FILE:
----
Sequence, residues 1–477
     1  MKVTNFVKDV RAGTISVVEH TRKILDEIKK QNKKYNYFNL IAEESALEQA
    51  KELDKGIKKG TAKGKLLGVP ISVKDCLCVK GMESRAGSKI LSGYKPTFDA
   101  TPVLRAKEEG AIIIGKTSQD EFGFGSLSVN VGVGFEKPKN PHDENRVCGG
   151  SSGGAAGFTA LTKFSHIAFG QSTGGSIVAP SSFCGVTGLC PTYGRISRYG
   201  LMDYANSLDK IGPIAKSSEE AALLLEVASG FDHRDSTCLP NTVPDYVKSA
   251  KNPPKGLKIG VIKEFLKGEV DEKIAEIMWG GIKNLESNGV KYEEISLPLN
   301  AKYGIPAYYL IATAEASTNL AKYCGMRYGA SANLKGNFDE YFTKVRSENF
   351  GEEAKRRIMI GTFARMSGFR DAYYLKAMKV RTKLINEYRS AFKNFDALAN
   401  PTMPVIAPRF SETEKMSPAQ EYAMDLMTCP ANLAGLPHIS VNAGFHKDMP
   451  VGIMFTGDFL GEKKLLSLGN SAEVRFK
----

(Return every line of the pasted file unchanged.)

Sequence, residues 1–477
     1  MKVTNFVKDV RAGTISVVEH TRKILDEIKK QNKKYNYFNL IAEESALEQA
    51  KELDKGIKKG TAKGKLLGVP ISVKDCLCVK GMESRAGSKI LSGYKPTFDA
   101  TPVLRAKEEG AIIIGKTSQD EFGFGSLSVN VGVGFEKPKN PHDENRVCGG
   151  SSGGAAGFTA LTKFSHIAFG QSTGGSIVAP SSFCGVTGLC PTYGRISRYG
   201  LMDYANSLDK IGPIAKSSEE AALLLEVASG FDHRDSTCLP NTVPDYVKSA
   251  KNPPKGLKIG VIKEFLKGEV DEKIAEIMWG GIKNLESNGV KYEEISLPLN
   301  AKYGIPAYYL IATAEASTNL AKYCGMRYGA SANLKGNFDE YFTKVRSENF
   351  GEEAKRRIMI GTFARMSGFR DAYYLKAMKV RTKLINEYRS AFKNFDALAN
   401  PTMPVIAPRF SETEKMSPAQ EYAMDLMTCP ANLAGLPHIS VNAGFHKDMP
   451  VGIMFTGDFL GEKKLLSLGN SAEVRFK